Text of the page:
Democrats focus on Ukraine 'cover-up' as marathon impeachment case wraps

Tom McCarthy

Democrats concluded the presentation of their case against Donald Trump at his impeachment trial on Friday, with the lead prosecutor Adam Schiff calling on Republicans to exercise “moral courage” and vote in favor of calling witnesses at the trial next week.

“Give America a fair trial,” Schiff concluded after three marathon days of argument. “She’s worth it.”

Schiff’s finishing flourish came as Democrats pivoted earlier Friday from the president’s conduct to his attempted cover-up of an alleged scheme to withhold military aid and a White House meeting from Ukraine in pursuit of a political favor.

Related: Impeachment: Democrats say conduct is 'not America first, but Trump first'

The White House, Democrats said, tried to hide records of a call Trump had with the Ukrainian president and tried to stop a whistleblower complaint reaching Congress, before Trump demanded federal agencies and employees stonewall the impeachment inquiry.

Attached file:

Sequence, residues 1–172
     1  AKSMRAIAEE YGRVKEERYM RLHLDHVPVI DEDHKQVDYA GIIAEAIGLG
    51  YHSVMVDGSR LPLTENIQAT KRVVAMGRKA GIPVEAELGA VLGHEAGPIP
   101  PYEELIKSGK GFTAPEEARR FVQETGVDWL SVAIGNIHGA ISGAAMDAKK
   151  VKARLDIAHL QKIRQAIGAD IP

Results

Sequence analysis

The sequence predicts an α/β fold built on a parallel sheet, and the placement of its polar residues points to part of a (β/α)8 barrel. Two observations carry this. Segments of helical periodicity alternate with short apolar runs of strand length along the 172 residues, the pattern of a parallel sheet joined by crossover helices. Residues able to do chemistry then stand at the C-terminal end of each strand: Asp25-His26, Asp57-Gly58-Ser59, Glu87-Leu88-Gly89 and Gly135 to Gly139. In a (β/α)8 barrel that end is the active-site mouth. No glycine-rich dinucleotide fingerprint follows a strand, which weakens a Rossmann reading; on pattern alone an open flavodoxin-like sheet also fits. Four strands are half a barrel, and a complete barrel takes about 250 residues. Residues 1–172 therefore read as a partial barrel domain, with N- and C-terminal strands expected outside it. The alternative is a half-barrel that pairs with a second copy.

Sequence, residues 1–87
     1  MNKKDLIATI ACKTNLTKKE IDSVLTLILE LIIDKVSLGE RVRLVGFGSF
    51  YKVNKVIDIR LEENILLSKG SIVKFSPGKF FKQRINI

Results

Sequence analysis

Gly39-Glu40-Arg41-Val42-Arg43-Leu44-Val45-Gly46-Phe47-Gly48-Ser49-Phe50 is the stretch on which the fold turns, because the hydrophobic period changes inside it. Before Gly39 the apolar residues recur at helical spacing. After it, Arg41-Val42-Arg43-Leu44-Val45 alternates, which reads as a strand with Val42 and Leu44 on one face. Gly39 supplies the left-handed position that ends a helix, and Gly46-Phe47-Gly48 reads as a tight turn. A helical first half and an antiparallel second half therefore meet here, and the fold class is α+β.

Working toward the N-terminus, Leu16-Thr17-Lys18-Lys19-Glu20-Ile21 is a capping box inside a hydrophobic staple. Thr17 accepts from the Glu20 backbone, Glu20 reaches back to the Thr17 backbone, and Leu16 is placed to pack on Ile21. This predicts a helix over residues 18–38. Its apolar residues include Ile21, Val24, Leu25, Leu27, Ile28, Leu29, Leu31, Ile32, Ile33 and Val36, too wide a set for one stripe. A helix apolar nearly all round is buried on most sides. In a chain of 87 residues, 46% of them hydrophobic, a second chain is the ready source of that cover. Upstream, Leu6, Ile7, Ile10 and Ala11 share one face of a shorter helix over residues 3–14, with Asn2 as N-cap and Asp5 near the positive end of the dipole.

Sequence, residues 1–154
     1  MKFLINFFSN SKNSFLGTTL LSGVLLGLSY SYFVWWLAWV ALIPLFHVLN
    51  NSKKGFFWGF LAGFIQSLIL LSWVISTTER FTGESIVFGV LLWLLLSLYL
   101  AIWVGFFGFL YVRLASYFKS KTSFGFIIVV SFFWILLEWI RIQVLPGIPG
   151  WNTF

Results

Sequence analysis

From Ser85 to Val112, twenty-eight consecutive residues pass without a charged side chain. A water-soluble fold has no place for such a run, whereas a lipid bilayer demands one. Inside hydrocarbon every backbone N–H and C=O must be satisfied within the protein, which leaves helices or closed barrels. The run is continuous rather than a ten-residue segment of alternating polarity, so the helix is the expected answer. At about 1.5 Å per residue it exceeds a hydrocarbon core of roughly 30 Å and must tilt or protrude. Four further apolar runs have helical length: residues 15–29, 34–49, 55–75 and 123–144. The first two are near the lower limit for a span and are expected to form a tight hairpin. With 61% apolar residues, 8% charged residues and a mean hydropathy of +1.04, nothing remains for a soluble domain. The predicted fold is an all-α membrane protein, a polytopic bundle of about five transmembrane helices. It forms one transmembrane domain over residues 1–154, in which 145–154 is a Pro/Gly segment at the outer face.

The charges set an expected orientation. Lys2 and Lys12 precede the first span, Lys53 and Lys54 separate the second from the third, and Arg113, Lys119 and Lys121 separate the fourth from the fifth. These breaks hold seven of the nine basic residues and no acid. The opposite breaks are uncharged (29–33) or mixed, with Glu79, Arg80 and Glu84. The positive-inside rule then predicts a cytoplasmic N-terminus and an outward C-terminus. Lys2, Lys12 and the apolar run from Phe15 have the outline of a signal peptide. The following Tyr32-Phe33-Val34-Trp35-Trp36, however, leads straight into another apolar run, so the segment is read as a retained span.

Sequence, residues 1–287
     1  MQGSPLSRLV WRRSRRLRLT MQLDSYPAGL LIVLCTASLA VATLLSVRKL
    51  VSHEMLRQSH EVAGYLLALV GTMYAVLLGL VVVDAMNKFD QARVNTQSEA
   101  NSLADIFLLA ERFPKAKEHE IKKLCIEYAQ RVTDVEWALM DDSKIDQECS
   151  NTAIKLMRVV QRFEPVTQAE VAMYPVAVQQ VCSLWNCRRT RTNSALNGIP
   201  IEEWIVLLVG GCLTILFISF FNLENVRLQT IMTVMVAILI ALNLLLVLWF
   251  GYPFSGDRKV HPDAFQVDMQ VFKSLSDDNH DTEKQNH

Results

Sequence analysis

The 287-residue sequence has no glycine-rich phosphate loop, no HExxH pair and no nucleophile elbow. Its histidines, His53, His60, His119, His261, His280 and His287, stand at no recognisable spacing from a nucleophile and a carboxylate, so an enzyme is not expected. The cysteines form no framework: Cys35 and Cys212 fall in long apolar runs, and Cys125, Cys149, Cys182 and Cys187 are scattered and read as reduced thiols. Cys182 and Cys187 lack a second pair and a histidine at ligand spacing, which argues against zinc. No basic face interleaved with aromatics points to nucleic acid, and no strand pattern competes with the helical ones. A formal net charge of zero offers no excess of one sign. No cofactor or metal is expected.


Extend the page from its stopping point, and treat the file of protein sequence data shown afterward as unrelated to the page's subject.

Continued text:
“He tried to cheat, he got caught and then he worked hard to cover it up,” said the New Yorker Hakeem Jeffries, one of the House “managers” prosecuting the case.

In the fourth full day of Trump’s Senate impeachment trial, Democrats completed their presentation of evidence in support of the first article of impeachment, charging Trump with abuse of power, and moved to the second and final article, charging Trump with obstruction of Congress.

In October, the White House issued a letter ordering federal agencies and employees to defy congressional subpoenas for testimony and documents. A dozen career public servants defied the order but many individuals avoided testifying and no agency turned over documents.